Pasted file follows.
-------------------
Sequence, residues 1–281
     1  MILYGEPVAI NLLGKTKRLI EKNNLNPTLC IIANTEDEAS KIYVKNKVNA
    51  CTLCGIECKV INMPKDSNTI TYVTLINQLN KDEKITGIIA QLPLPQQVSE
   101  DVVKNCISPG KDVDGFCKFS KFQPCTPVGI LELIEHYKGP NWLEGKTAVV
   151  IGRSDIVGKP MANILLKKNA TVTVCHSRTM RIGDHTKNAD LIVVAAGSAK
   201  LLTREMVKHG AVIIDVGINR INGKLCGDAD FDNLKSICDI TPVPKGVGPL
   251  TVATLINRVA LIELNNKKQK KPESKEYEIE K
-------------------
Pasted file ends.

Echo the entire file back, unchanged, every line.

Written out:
Sequence, residues 1–281
     1  MILYGEPVAI NLLGKTKRLI EKNNLNPTLC IIANTEDEAS KIYVKNKVNA
    51  CTLCGIECKV INMPKDSNTI TYVTLINQLN KDEKITGIIA QLPLPQQVSE
   101  DVVKNCISPG KDVDGFCKFS KFQPCTPVGI LELIEHYKGP NWLEGKTAVV
   151  IGRSDIVGKP MANILLKKNA TVTVCHSRTM RIGDHTKNAD LIVVAAGSAK
   201  LLTREMVKHG AVIIDVGINR INGKLCGDAD FDNLKSICDI TPVPKGVGPL
   251  TVATLINRVA LIELNNKKQK KPESKEYEIE K